The old crabapple tree spoke first, loud
and clear, except listening takes expertise.
Its crooked trunk and skeletal limbs
do their best to support apples
rotten to the core, hanging on
until they drop to death.
A bed of tangled weeds hides nests
of ground hornets that engulf
the fallen fruit, an arbitrary cemetery,
ignored. Burning bushes way past
glory days of crimson, look charred and sore
as though seeded on a volcanic planet.
Windows. Cleaned yesterday,
but within four days the glass will fade
into shades of gray, tainted with scents
of decay. Worse, the entryway mirror
is coveted by sheer madness since
it returns after being discarded.
Nothing hides under our beds, yet never
would arms or legs dangle, or dare
set foot upon aged floors after 3:17am.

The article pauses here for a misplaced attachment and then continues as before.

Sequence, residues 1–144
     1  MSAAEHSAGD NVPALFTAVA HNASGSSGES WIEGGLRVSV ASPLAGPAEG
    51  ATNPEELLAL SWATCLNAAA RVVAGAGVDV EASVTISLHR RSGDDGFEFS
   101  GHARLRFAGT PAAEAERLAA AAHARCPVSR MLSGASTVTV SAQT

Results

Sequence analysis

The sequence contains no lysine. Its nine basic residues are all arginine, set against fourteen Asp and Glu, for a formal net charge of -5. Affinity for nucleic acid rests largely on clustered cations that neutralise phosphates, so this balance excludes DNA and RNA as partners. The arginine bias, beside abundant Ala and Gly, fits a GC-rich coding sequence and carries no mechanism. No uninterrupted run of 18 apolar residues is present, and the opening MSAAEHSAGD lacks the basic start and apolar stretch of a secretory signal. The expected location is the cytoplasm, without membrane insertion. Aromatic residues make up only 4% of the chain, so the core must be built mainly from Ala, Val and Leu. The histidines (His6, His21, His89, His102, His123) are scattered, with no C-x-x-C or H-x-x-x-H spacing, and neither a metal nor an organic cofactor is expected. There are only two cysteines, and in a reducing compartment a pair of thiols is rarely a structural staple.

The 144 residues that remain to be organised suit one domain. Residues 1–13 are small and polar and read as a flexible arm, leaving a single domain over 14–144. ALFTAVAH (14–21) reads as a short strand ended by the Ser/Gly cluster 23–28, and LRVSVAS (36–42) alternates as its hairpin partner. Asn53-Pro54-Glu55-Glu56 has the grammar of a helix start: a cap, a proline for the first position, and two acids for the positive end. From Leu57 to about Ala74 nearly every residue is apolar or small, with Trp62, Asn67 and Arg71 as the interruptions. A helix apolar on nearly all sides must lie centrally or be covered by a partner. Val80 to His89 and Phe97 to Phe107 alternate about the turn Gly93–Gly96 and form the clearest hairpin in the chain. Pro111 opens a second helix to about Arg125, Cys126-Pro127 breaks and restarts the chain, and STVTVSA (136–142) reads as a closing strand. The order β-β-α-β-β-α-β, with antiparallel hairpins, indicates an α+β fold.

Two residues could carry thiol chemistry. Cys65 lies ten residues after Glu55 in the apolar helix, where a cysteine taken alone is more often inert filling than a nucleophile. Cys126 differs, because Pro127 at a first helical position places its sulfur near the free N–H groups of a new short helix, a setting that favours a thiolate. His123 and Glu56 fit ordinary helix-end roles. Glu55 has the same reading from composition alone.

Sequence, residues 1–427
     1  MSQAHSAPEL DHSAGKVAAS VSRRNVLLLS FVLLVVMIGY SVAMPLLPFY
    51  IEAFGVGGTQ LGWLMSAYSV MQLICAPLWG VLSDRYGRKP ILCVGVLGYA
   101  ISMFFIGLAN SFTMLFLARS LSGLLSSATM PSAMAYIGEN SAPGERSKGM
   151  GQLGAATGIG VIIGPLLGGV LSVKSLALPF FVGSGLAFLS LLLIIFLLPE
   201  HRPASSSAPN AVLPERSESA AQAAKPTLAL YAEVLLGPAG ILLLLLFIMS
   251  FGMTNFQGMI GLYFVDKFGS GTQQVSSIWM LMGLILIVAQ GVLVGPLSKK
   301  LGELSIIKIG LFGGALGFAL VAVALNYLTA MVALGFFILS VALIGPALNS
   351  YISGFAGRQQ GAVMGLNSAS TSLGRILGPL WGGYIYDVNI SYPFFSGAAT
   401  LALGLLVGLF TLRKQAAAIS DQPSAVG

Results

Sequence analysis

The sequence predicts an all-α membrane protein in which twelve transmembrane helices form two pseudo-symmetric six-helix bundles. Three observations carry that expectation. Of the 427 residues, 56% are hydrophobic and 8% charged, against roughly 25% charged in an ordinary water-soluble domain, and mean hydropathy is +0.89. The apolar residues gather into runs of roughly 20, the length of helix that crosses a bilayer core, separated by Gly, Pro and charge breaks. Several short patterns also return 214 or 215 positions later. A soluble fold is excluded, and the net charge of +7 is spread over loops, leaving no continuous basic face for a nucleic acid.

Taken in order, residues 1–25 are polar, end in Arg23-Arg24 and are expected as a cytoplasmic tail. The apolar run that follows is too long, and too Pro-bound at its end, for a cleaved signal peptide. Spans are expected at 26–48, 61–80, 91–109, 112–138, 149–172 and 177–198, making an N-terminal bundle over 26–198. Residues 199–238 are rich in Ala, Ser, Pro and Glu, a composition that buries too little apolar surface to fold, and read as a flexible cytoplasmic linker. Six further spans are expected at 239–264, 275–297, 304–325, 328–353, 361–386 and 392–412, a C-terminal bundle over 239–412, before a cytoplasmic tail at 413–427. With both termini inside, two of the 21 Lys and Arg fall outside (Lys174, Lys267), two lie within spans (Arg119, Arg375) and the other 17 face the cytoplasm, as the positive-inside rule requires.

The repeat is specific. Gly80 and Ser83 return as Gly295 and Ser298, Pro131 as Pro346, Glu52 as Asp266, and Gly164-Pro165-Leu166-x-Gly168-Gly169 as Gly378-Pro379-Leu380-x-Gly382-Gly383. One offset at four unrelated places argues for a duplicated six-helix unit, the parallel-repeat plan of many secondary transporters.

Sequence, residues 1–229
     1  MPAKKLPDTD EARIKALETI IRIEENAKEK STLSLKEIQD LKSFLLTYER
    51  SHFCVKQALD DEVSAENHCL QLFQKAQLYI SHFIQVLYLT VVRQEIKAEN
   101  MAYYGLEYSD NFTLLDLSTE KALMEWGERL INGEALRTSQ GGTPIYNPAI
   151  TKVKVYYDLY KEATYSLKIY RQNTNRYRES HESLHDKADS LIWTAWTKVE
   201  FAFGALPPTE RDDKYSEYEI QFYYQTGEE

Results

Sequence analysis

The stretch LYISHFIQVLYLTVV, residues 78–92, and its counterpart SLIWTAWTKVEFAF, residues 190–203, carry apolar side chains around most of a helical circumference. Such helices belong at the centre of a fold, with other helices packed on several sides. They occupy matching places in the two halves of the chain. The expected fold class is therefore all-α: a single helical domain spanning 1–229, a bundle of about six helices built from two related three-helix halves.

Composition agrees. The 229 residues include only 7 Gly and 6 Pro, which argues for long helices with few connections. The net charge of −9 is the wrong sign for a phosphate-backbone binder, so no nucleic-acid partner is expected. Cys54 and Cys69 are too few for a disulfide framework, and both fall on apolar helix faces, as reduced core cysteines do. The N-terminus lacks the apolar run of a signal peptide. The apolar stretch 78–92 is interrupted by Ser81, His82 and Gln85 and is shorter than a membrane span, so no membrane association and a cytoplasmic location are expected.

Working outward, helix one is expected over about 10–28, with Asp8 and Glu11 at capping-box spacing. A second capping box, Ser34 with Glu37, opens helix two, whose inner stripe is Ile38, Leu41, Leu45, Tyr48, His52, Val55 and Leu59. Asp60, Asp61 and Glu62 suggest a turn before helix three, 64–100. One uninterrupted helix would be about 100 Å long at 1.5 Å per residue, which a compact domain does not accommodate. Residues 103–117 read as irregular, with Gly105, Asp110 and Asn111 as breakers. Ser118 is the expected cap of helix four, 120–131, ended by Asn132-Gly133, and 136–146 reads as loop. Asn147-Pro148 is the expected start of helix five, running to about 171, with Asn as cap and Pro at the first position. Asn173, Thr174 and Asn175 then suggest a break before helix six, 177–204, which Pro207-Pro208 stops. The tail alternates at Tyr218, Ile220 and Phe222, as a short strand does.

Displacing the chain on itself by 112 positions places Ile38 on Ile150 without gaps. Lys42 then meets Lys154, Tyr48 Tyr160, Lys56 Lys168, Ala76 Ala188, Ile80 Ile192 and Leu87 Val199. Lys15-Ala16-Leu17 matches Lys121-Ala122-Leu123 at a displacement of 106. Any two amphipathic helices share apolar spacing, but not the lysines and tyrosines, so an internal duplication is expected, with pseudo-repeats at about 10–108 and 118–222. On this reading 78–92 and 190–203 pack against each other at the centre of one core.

Just pretend you exist on a tropical island,
drift into a warm place, sway on a hammock
while waiting for sunlight to break.
Basement. Do not consider looking back
at those etched glass doors once shut,
eyes ahead. Trust me on this.
And if the old man wearing a black hat asks
for a cup of tea, he prefers the pale yellow
mug displaying a pristine crabapple tree.
Nora Weston is a Michigan based writer/artist. Her work has appeared in Bete Noire and James Gunn’s Ad Astra. Currently, work has been published by Green Ink Poetry, Crow Toes Quarterly, Illumen, and Strange Horizons. Work has been accepted by Penumbric Speculative Fiction Magazine and Utopia Science Fiction Magazine.